Answer by Mira Zaslove:
Product is not scalable
- The first red-flag that you should walk away from a start-up job, is that you no longer believe in its ability to grow. Defining a “startup job” can be tricky. Profit, revenue, headcount, and culture vary between company, geography, and industry. However, the key success factor of any startup is its growth potential. As Y Combinator’s Paul Graham notes, “a startup is a company designed to scale very quickly.”
- Many small companies generate impressive profits. However awesome the cash flow; the pertinent question is: how scalable is the product? Often at small companies, there are a few amazing individuals, ideas, or products, who keep the entire company afloat. I’ve seen companies where the top sales guy brought in enough to pay all the bills. This is possible with a small team. Not so much when company grows 10x. Analogous issues can be found with industries — restaurants, photographers, designers, etc. — that rely heavily on one person’s vision.
- If the company is paying too much to retain customers, relying too much on manual processes, or is unable to train employees, these can be scalability red flags.
Leadership is not good
- Culture comes from the top. Start-ups live and die with leadership. If the leadership is bad, leave. Bad leadership means that the leader is unable to grow the company. Look for leaders who have a clear goal, and can execute.
- Start-up leaders tend to be risk takers, and they might be maniacal workaholics. Good ones are often unconventional and see the word differently. So don’t worry too much about that. The red flag appears when you no longer believe in their capacity to make the right decisions for the growth of the company.
Top talent is leaving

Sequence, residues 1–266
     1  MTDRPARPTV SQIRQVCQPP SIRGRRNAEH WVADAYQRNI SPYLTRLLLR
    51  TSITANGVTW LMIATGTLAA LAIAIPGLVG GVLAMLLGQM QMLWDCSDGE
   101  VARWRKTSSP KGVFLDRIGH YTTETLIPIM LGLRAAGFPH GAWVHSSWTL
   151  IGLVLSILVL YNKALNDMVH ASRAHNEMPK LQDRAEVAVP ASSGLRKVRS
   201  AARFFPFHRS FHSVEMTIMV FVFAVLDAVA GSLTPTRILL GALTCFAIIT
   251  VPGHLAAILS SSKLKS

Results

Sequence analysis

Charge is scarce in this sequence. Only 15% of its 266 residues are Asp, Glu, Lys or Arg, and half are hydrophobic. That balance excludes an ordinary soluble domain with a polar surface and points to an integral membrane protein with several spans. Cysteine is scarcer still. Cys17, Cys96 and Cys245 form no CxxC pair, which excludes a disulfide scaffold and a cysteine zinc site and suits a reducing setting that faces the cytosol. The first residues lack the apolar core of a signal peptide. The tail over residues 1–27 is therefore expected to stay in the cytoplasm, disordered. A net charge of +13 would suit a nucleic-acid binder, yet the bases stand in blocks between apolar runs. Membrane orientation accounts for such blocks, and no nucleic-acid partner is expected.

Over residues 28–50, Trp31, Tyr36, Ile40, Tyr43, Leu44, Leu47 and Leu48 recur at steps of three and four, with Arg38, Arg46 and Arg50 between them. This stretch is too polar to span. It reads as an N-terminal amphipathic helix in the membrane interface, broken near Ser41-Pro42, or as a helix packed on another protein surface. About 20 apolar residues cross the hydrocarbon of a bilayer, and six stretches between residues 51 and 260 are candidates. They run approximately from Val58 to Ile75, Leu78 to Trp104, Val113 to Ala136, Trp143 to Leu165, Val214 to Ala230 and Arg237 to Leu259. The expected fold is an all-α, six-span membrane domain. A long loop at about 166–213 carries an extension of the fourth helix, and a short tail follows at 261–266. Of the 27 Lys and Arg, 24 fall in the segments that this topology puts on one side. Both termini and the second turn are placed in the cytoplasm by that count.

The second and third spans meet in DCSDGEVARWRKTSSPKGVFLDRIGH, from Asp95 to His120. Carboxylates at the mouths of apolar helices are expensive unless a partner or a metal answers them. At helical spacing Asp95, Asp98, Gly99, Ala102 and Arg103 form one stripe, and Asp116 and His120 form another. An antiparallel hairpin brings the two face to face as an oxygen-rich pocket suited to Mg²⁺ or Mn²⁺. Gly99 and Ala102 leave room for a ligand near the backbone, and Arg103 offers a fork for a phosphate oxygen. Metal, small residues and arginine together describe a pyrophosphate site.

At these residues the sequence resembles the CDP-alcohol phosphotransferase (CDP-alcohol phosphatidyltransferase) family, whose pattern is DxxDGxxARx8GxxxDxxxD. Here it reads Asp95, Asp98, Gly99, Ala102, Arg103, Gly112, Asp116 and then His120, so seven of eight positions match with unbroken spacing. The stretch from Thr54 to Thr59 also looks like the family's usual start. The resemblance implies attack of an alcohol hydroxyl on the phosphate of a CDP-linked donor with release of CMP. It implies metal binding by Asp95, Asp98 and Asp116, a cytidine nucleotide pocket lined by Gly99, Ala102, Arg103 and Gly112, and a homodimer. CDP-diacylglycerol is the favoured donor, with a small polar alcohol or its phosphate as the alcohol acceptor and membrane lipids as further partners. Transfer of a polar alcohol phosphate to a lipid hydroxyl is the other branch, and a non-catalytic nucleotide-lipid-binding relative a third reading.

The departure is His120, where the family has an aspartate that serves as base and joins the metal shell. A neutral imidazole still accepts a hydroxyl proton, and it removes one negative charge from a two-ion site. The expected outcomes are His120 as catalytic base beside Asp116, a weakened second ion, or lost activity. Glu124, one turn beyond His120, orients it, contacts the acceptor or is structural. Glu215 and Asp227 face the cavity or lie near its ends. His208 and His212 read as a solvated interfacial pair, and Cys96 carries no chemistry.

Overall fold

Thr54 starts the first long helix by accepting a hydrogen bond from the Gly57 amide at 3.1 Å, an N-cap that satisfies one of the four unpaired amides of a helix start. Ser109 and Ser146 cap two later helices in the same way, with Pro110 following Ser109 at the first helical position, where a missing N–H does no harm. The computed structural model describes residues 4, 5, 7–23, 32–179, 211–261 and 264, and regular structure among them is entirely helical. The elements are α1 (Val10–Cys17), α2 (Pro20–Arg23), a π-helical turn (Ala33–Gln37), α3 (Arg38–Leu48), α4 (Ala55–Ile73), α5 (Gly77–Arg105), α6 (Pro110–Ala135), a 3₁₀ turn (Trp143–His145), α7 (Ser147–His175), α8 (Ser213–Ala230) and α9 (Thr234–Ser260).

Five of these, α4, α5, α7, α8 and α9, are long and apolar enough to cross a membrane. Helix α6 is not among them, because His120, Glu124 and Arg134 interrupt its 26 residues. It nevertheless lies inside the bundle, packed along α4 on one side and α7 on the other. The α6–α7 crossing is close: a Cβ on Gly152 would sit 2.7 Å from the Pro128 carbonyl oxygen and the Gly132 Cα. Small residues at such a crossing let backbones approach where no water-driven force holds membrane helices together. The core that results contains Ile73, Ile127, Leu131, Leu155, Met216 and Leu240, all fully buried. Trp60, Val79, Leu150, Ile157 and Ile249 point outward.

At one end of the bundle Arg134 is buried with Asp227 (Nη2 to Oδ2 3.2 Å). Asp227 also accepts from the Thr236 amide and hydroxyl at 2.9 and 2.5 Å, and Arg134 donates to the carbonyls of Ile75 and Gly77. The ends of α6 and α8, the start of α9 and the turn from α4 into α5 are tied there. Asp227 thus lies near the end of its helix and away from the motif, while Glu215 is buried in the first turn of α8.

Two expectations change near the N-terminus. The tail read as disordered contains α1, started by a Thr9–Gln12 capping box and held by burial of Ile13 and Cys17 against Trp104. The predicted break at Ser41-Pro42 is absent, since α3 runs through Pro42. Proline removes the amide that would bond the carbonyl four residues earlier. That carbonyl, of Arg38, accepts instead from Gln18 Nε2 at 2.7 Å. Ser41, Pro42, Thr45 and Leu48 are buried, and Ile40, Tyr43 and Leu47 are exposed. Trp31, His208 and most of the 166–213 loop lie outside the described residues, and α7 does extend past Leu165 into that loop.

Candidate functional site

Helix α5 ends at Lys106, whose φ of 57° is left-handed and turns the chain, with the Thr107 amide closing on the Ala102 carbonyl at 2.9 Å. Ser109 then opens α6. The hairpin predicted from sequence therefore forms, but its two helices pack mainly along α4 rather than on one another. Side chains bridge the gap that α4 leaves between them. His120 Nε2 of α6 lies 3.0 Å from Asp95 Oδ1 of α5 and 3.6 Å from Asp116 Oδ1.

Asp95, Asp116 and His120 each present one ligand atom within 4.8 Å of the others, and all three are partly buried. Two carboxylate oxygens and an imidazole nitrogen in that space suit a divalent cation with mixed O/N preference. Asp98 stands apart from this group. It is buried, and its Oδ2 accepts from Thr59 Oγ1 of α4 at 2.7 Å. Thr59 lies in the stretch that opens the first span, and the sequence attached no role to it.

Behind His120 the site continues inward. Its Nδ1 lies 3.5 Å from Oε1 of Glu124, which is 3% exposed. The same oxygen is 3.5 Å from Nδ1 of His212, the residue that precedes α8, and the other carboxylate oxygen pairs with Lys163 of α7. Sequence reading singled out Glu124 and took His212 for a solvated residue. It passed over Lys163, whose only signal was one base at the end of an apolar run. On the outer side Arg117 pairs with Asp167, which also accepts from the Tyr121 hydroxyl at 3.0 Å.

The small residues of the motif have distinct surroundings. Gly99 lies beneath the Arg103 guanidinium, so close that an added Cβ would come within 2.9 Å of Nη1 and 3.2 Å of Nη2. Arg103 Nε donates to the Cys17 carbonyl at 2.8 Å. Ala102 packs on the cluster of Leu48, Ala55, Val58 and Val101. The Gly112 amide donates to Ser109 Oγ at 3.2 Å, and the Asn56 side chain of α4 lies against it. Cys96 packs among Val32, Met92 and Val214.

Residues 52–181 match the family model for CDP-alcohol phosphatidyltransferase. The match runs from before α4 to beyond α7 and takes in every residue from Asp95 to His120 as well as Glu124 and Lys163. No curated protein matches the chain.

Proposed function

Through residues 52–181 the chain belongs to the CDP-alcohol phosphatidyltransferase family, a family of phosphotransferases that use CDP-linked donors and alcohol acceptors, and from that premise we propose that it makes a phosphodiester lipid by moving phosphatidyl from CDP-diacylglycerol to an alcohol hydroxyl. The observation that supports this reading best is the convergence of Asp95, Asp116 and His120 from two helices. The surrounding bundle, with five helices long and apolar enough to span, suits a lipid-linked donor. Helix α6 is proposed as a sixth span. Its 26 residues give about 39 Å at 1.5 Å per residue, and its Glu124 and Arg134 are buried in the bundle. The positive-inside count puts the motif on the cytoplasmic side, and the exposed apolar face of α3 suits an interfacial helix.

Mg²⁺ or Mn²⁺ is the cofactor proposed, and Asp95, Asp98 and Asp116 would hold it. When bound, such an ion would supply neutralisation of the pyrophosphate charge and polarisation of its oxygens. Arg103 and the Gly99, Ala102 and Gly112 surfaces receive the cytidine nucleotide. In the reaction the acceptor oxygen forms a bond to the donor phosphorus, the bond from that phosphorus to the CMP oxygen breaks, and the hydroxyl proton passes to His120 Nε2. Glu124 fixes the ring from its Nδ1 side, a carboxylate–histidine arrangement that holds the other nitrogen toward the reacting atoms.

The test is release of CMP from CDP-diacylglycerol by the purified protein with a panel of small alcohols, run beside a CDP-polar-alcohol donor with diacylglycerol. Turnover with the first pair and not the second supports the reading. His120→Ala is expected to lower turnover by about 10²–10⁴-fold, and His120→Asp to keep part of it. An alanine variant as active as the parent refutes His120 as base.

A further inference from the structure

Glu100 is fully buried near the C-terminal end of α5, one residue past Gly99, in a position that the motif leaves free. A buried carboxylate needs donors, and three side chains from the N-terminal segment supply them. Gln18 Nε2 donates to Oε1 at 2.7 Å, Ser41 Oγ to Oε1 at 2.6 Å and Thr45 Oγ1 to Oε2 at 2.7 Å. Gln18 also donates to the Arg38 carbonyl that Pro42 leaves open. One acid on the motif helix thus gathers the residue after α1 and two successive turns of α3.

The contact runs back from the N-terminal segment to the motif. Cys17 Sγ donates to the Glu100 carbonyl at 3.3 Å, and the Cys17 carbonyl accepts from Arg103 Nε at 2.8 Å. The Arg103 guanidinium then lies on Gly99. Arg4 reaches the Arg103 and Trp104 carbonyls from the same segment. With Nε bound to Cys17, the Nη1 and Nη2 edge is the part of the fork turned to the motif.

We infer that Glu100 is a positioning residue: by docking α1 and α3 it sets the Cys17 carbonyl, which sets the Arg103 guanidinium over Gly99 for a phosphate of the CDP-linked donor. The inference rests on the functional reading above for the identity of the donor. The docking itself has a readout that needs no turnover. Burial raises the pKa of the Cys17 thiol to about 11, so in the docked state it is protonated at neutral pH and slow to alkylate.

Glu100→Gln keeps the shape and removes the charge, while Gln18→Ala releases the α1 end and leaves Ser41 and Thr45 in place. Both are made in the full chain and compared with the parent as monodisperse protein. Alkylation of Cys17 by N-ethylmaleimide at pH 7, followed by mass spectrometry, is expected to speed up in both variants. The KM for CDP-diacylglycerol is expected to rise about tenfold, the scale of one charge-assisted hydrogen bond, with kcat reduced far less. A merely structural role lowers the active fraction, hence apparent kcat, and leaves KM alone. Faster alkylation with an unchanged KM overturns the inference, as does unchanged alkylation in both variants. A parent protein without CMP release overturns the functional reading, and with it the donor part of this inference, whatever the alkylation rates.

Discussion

- When people in vital positions, you respect and know are good, leave, it’s a red flag. You want to see the incoming talent get better not worse. If the company starts hiring C players to replace A players in the important roles, that is a red flag.
- Also, if people who know more than you do in critical roles, CFO, Chief Counsel, Head of Product / Engineering / Sales, etc., unexpectedly leave, or are suddenly fired with no explanation, these can be red flags.
- A personal red flag of mine is when leadership repeatedly talks poorly about current and ex-employees. (See:)
You are learning bad habits
- For many people, not learning anything can be a red flag. However, at a promising start-up you believe in, I would say give it time. One minute you can be answering the phones, and then next day you can be leading sales meetings.
- Once you are on that rocket-ship, don’t get off. One advantage of working at start-ups vs established companies is that you get to wear a lot of hats, and learn a lot of different skill sets.
- A red-flag is when you are learning bad habits. This largely is a function of the first 3 items, but if you have a bad product, bad management, or the top people are leaving, you may start learning bad habits. Listen to your gut here, and if you find yourself doing questionable things, check yourself before it gets out of control.